• by 10Ghz (453478) on Thursday September 08, 2005 @09:59AM (#13508944)
        Well, there WAS a smiley in the GP-post, in case you missed it...
      • by misleb (129952) on Thursday September 08, 2005 @01:38PM (#13510924)
        I've been using Linux for almost a decade now. I've settled on the distribution that I prefer (Debian). But I recently started a new sysadmin job where they run mostly FSBD web/mail servers. I had a chance to build a new mail gateway. I resisted the temptation to just go with what I was comfortable with (Debian) and I installed FBSD.

        My first impression is that FBSD is like another distribution of Linux. I don't mean pigeonhole FBSD. And I realize it may come as an insult, but after using so many different flavors of Linux, that is what the differences amount to as far as I am concerned. And looking at it as a distribution of Linux, it isn't all that impressive. I dont' particularly care to compile most software from source. Although the ports system does offer some very up to date packages (if you cvsup), if I wanted to to compile everything from source and have bleeding edge versions of stuff, I'd just run Gentoo Linux. The Gentoo portage system is much more refined than the old, clunky BSD ports system. Overall, Debian's packaging system beats all, hands down, IMO.

        On a server it isn't such a big deal to compile everything from source because generally you install it and let it run for months or years with only minor updates. But on a workstation it is downright annoying.

        Is there any reason why I shouldn't look at FBSD as if it were a flavor of Linux? Yeah, it has a different kernel. I guess FBSD might be a little faster? That is what the benchmarks say, but the difference isn't staggering. I certainly don't notice. Is it more stable? I haven't had many problems with Linux that couldn't be blamed on cheap PC hardware.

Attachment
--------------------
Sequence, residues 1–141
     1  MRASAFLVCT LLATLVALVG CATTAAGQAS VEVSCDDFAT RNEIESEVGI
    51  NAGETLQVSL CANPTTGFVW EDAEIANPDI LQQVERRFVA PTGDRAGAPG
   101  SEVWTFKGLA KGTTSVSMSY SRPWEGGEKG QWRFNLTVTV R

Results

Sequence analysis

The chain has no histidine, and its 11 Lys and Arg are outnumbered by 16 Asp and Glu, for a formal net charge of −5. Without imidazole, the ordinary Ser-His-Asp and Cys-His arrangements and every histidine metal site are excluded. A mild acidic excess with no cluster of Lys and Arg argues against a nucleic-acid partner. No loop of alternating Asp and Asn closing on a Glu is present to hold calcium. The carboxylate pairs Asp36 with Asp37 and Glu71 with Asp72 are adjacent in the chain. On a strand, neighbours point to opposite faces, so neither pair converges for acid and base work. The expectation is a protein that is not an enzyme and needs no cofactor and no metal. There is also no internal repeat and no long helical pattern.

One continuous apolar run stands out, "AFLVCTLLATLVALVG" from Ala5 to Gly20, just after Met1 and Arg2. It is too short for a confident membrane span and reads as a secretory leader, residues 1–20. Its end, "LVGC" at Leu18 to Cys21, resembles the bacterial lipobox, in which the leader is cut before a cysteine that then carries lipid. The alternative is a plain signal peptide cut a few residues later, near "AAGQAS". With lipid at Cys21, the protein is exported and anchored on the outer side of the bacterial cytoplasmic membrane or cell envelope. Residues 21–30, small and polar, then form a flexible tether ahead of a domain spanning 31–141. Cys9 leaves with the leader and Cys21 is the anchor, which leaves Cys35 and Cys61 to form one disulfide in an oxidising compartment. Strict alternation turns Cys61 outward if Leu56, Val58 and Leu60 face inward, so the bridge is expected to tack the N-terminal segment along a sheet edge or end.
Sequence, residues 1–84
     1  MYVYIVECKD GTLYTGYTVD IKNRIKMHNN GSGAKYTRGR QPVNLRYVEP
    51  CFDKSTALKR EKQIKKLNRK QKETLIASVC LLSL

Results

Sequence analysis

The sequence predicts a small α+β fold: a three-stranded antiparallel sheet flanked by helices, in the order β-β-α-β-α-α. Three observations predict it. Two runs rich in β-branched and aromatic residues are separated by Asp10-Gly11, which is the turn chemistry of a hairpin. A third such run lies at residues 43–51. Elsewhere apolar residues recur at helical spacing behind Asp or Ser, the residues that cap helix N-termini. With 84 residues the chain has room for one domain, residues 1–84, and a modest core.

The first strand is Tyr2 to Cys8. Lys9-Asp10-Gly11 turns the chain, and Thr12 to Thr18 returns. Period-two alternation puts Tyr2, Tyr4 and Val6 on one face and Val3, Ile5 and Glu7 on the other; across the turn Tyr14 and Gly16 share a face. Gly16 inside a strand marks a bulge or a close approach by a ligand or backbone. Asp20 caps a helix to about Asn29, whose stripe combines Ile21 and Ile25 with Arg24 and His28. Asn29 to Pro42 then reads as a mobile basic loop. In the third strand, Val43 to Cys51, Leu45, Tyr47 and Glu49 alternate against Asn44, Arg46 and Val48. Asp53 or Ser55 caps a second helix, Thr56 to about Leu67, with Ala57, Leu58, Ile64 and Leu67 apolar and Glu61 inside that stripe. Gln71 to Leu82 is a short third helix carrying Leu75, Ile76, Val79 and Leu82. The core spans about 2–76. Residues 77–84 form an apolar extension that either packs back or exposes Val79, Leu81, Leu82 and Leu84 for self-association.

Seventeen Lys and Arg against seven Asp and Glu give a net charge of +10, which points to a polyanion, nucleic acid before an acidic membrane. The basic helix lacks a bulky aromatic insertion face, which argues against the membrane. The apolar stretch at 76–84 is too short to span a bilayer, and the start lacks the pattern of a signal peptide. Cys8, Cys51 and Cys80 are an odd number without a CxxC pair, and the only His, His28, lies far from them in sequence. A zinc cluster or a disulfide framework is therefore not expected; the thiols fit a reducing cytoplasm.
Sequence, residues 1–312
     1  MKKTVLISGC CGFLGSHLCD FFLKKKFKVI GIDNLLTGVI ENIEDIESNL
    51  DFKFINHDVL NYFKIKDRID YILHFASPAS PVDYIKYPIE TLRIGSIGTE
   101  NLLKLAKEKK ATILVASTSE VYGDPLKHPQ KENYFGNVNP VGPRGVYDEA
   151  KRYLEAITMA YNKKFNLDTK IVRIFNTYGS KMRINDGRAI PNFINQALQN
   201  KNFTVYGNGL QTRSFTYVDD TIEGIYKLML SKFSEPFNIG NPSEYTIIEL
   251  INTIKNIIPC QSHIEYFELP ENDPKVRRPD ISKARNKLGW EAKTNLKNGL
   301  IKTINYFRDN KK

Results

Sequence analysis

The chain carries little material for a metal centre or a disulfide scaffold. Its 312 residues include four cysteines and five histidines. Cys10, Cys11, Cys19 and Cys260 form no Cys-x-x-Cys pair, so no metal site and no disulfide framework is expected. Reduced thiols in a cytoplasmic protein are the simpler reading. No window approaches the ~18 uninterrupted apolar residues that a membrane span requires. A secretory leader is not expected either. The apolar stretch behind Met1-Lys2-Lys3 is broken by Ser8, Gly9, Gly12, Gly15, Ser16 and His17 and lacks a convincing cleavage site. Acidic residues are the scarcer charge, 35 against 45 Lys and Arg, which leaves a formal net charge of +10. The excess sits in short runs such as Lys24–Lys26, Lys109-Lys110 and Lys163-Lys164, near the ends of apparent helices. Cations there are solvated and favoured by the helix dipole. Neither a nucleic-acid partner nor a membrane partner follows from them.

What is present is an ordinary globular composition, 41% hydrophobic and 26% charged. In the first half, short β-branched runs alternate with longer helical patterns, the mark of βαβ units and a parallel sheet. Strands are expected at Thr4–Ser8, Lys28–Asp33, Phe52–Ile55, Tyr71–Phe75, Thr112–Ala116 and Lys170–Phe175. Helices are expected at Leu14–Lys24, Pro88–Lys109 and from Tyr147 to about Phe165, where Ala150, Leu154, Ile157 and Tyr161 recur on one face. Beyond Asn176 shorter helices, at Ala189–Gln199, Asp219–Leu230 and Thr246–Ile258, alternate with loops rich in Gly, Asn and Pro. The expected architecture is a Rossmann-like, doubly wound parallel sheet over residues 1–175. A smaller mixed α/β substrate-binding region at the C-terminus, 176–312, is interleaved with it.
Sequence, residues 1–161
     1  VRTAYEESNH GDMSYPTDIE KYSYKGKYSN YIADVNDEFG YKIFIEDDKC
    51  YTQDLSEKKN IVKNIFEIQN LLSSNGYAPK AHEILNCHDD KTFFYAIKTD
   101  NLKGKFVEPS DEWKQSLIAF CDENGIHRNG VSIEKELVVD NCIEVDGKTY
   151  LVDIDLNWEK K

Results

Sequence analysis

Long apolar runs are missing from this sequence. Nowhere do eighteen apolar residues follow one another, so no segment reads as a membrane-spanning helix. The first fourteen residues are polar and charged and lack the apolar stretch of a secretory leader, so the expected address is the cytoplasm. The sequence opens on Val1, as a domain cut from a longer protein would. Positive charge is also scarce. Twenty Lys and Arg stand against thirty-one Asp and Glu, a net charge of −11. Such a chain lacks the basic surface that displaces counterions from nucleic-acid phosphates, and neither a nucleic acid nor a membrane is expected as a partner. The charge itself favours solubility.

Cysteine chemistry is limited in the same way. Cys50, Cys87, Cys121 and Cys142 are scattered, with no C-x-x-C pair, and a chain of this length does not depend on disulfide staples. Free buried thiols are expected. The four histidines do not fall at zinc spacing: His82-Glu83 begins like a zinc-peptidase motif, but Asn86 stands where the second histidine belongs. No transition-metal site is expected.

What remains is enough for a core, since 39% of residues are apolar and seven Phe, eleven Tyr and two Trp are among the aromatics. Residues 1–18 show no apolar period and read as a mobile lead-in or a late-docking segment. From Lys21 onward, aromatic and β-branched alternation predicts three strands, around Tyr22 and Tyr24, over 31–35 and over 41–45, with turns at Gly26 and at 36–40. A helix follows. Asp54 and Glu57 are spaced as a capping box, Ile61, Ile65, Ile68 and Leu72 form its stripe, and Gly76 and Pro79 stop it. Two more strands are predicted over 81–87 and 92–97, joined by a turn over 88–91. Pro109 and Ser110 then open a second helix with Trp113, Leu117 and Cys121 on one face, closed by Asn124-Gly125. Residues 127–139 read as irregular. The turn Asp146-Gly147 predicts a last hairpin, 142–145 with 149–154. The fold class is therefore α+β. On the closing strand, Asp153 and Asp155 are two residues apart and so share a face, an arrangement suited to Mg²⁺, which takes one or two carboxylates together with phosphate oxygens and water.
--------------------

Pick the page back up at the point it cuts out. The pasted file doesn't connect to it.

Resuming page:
Anyway, I'll continue using FBSD where I work if only because there is no compelling reason NOT to use it. I probably could convert it all to Linux if I really wanted to.

        -matthew
        • by halber_mensch (851834) on Thursday September 08, 2005 @02:58PM (#13511885)

          Is there any reason why I shouldn't look at FBSD as if it were a flavor of Linux? Yeah, it has a different kernel. I guess FBSD might be a little faster? That is what the benchmarks say, but the difference isn't staggering. I certainly don't notice. Is it more stable? I haven't had many problems with Linux that couldn't be blamed on cheap PC hardware.

          Yes, a very important reason - FreeBSD is not Linux, just as surely as SCO UnixWare is not Solaris. Their codebase is certainly not the same, and in fact FreeBSD's code lineage dates back many years before Linux.